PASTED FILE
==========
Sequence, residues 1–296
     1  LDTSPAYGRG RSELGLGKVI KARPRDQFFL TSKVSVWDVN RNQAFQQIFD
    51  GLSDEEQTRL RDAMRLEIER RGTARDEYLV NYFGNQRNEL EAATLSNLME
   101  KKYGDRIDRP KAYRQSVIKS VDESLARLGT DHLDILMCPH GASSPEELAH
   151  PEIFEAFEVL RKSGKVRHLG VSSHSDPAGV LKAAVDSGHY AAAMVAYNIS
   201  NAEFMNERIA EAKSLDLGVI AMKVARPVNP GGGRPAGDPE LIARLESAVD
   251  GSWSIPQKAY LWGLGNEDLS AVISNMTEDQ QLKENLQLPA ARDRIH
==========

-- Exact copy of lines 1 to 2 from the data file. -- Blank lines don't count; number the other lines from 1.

Sequence, residues 1–296
     1  LDTSPAYGRG RSELGLGKVI KARPRDQFFL TSKVSVWDVN RNQAFQQIFD